Ever wondered if a sleep consultant could help? Read this!

As a parent to two young children, the topic of sleep is often discussed in our household, and with other parent friends. How much sleep is normal for a toddler? How many naps does your 1 year old take? What’s a decent bed time? Have you considered sleep training? These are all questions that are commonly asked and discussed between us tired, sleep-deprived parents. At some point in time you may have considered hiring a sleep consultant, especially if your child seems to have the most unpredictable nap and sleep schedule.

What is hiring a sleep consultant really like anyway? We sat down with Akira Seuradge, a certified WeeSleep consultant, and picked her brain on common questions and topics of interest, answering many questions that parents ask her upon their first consultation.

If you’ve ever considered hiring a sleep consultant, read the interview below!

Q: What should I expect when I first contact a sleep consultant?

A:  I often get connected to my clients via direct message off social media or a quick email request for information. More formally, you are able to book a complimentary 15-Minute Consultation with me through my online calendar where you can choose a time that is most convenient for you. You will be contacted by phone or an agreed upon virtual method. I am here to listen, completely judgement free! 

Here are the 3 things you will experience during our first phone consultation:

  • We will have 15-minutes to discuss your sleep challenges and if I can help, I will provide a recommendation
  • You will be heard! By listening with an open heart and asking questions, I am able to identify your true goals. All babies are different and all families are unique which is why my goal is to offer a solution that is not only specific to your family, but is a solution that you are comfortable with.
  • There will be options. I provide a variety of services that are budget friendly and extremely supportive. There is something for everyone!

Q: Can you list some of the most common sleep misconceptions for babies?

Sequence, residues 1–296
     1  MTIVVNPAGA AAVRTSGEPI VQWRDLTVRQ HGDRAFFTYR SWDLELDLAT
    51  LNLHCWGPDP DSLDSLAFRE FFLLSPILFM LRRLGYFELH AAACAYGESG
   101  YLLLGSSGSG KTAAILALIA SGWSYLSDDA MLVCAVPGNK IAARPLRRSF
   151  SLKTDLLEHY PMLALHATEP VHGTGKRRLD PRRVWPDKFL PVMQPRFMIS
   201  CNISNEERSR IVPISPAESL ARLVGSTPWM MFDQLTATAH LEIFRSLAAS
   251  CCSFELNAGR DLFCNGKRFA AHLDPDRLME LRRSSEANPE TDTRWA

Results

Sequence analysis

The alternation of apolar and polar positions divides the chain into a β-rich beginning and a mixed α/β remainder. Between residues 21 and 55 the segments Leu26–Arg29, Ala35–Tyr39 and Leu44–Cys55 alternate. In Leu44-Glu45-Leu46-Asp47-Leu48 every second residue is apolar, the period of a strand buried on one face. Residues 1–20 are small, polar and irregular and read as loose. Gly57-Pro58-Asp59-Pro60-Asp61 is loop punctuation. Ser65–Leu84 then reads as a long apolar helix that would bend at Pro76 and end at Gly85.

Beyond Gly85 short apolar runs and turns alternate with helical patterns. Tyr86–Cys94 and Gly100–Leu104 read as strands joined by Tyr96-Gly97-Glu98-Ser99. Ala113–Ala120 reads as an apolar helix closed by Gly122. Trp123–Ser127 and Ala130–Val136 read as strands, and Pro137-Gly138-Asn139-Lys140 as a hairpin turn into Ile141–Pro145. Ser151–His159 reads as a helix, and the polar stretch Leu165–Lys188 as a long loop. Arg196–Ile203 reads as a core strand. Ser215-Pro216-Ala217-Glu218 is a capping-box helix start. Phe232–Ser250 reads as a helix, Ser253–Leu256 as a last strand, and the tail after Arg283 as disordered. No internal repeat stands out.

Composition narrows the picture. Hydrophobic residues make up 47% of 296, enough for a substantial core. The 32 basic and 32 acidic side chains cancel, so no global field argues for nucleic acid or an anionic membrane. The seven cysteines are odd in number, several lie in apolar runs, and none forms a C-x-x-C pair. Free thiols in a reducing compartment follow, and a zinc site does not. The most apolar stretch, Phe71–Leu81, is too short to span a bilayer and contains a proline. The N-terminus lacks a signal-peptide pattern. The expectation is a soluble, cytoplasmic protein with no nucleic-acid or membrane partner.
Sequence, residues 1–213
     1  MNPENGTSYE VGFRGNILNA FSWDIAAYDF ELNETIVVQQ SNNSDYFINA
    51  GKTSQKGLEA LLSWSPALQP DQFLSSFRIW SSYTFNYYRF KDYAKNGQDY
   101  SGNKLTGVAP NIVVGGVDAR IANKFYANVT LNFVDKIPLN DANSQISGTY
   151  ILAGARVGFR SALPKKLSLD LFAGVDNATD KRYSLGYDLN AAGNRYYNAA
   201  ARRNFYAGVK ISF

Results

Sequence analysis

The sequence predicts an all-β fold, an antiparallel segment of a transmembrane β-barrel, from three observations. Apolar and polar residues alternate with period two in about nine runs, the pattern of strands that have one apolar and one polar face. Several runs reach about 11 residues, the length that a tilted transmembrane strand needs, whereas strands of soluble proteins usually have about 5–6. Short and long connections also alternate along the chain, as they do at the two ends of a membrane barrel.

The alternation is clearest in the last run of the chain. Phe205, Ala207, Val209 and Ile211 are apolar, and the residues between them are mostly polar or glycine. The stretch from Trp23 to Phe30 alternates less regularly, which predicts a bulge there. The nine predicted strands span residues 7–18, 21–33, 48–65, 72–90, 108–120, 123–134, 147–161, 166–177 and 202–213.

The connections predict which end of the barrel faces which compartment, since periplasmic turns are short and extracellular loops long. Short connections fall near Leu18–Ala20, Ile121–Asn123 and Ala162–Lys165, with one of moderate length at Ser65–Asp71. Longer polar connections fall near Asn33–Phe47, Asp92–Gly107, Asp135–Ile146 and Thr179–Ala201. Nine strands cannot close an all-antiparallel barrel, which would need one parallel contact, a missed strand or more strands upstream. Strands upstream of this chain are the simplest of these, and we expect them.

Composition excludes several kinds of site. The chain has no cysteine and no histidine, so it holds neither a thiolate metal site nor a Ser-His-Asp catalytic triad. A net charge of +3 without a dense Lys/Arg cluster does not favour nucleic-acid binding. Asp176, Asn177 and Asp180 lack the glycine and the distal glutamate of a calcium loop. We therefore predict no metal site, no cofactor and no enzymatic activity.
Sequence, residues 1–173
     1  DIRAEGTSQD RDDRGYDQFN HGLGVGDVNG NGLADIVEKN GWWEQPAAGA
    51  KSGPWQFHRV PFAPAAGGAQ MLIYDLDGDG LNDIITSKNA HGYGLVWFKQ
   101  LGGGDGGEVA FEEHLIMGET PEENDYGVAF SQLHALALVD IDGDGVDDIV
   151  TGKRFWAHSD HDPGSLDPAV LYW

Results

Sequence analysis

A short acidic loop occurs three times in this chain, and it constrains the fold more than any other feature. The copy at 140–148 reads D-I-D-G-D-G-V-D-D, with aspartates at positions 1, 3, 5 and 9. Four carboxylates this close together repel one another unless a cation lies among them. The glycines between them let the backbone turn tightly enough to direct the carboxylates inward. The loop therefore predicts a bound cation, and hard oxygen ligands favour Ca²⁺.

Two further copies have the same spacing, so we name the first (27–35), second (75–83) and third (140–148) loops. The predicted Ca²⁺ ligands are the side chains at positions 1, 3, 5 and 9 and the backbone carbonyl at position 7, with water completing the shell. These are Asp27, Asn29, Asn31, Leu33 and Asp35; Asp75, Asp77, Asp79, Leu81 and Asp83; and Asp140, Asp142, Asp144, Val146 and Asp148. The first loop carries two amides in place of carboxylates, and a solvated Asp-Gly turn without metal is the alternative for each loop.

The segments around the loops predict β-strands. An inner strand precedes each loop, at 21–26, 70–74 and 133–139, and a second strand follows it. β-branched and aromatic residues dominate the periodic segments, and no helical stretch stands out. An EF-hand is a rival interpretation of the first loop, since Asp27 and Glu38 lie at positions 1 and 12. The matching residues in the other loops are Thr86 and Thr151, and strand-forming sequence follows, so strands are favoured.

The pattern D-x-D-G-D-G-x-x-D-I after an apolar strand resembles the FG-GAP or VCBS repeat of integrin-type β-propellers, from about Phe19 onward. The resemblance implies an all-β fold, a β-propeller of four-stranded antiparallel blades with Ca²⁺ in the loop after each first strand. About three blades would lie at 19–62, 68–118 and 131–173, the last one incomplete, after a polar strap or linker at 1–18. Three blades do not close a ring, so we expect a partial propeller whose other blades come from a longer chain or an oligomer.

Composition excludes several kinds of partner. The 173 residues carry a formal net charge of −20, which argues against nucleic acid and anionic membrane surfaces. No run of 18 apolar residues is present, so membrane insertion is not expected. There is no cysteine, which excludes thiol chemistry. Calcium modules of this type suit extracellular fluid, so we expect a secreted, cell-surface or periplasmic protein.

A: There are many, but some of the most common are:

  • “The longer your keep your baby awake in the day the longer they will sleep at night.” This is so incorrect! The most common reason for frequent wakes is a baby that is overtired. Understanding your baby’s awake and sleep patterns/times is key to ensuring restorative sleep.
  • “Formula fed babies sleep better than breast fed babies.” The truth? FED babies sleep better. If a baby is well fed and their nutritional needs are being met, they are able to have longer stretches of restorative sleep.
  • “Never wake a sleeping baby.” A sleeping baby is one of the most beautiful things on the planet but when a baby gets too much day time sleep, night time sleep can be impacted. If your baby is napping well into the evening or getting too much day time sleep, it is OK to wake them to ensure night sleep is preserved.
  • “You should sleep train from day 1.” Newborn babies are too biologically immature to respond to sleep training right after birth. Your role at this stage is to bond and offer opportunities to sleep. At this stage, I teach gentle sleep shaping techniques until they are ready for more formal sleep conditioning around 4 months and up.

Q: Can you share some of your best advice for new parents?

A: Do not compare your sleep experience to that of another parent. You truly have no idea what it took to get their little one sleeping through the night, and comparing your child’s sleep experience is just unfair! 20-30% of babies have natural difficulties sleeping and just need a bit more support.

Q: What does a sleep consultant/specialist do? What do they do NOT do?